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If a bitcoin exchange offers Market Orders, let's suppose there are X buy orders at market price, and Y sell orders at market price (no limit orders):

How are these matched and at what price, since there is no "lowest or highest" price currently on the order book?

closed as off topic by eMansipater, o0'., Stéphane Gimenez, Colin Dean, Gopoi May 13 '13 at 4:26

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  • Then, all trades would be executed at the last trade price. Price remains the same irrespective of trade volume. – vi.su. Apr 25 '13 at 3:06
  • @vi.su, I've never seen that documented to occur that way and would argue that is not correct according to the definition of a Market order. – Stephen Gornick Apr 25 '13 at 5:23
  • Is this a Bitcoin question? – eMansipater Apr 25 '13 at 5:49
  • @StephenGornick, I am not sure. but, per your answer, there would be no trades; yet there are buyers and sellers who are willing to trade at current market price. – vi.su. Apr 25 '13 at 7:51
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Market buy order means buy for whatever is current lowest ask. Market sell order means sell for the current highest bid. Market orders should be executed as long as there is any buyer and seller, but may not be filed for the desired quantity. In the case that there are no limit orders on either side, market maker would establish a spread for profit. In fact, market makers profit from market orders and existing limit orders spread also in ordinary circumstances.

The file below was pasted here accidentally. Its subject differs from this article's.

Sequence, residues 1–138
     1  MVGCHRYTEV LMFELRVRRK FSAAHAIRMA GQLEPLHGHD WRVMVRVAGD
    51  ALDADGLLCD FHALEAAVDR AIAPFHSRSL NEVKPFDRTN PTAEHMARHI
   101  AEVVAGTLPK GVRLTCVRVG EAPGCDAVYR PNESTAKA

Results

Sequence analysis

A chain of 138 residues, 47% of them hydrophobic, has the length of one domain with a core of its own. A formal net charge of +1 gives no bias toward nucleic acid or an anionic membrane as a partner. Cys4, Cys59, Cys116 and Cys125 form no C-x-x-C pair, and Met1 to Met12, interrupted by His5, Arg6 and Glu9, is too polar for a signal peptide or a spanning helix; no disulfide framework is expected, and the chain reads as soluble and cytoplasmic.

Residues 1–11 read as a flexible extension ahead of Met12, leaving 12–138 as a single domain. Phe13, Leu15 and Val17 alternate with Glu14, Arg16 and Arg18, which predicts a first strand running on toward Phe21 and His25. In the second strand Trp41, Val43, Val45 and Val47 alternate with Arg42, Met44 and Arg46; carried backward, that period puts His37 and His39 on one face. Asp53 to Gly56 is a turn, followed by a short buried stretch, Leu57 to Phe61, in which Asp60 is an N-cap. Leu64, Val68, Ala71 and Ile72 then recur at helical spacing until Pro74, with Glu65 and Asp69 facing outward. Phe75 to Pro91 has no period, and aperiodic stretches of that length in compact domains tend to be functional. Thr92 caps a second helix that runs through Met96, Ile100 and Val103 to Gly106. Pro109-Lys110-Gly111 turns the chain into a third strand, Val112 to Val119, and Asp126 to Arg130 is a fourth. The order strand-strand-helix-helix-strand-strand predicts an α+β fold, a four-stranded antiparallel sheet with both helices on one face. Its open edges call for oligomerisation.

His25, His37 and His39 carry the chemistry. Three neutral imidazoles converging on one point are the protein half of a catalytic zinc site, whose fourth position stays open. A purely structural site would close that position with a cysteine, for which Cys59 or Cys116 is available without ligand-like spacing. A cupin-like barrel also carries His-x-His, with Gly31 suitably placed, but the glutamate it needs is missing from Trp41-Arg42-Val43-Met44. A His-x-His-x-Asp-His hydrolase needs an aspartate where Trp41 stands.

• 1
    Factual crap. You can not have 2 market orders active at the same time - a market order is executed against whatever is in the book on the other side. THEN then ext order is put in. 2 market orders would NOT define a spread as a spread requires fixed prices. Fail on the basics how exchanges work. – TomTom Apr 6 '15 at 16:00
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This situation would not exist. True market orders (buy or sell) cannot just "hang" around. If they are not executed immediately against existing limit orders, then they should be cancelled. The case in which they would not be executed would be if there are no orders on the other side. In which case it depends on how the system handles the orders but it should either say it can't fill it and never place the order to begin with.

  • That pretty much is it. A good exchange processes order requests in sequence. A market order is seen, processed, then ends either filled or in an error condition. A limit order gets entered into the queue. As such, it is not possible to only have market orders. THAT SAID - you may as well have no market order at all. CME does that (not bitcoin, a real exchange). A market order is transformed, internally, into a limit order with the limit on the other side. That stops brutally runaway pricing. – TomTom Apr 6 '15 at 16:02
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Contractually, the market BUY order had no SELL (ASKs) to trade against. So that order remains unfilled.

At the same time the market SELL order had no BUY (BIDs) to trade against. So that order also remains open.

And they remain open until either cancelled or until a limit order arrives.

  • Uh? No, this doesn't make sense: if they are market orders, and there isn't anything in the order book, they should just be rejected. Market orders shouldn't fallback to limit orders, as this answer seems to imply. AFAIK. – o0'. Apr 25 '13 at 9:44
  • Actually they do on real exchanges. CME has no market order - a market order is internally seen as a limit order with quote some limit. This allows a market maker to pick up the "remaining". – TomTom Apr 6 '15 at 16:03

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